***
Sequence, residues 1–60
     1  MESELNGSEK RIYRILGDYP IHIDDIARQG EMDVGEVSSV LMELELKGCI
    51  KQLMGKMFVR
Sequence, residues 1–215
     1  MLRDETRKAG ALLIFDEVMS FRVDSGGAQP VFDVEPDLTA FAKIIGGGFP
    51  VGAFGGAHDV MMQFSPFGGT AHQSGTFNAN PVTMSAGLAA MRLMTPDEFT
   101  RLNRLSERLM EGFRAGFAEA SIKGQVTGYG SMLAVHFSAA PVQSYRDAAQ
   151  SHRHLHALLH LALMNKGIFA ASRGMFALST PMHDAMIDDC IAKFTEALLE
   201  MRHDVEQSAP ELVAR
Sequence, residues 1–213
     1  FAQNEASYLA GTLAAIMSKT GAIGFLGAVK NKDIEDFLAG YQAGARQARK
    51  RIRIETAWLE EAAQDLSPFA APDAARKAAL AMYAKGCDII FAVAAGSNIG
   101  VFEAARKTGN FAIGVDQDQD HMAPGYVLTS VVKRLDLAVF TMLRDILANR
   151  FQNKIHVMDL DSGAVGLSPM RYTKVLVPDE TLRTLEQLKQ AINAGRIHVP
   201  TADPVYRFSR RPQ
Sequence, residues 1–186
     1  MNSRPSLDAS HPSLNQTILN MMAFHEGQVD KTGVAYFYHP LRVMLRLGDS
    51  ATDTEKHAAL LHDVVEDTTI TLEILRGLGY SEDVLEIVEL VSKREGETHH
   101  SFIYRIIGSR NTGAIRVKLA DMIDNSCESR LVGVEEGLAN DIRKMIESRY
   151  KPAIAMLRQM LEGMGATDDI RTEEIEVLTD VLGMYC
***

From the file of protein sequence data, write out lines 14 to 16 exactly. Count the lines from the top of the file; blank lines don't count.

   151  FQNKIHVMDL DSGAVGLSPM RYTKVLVPDE TLRTLEQLKQ AINAGRIHVP
   201  TADPVYRFSR RPQ
Sequence, residues 1–186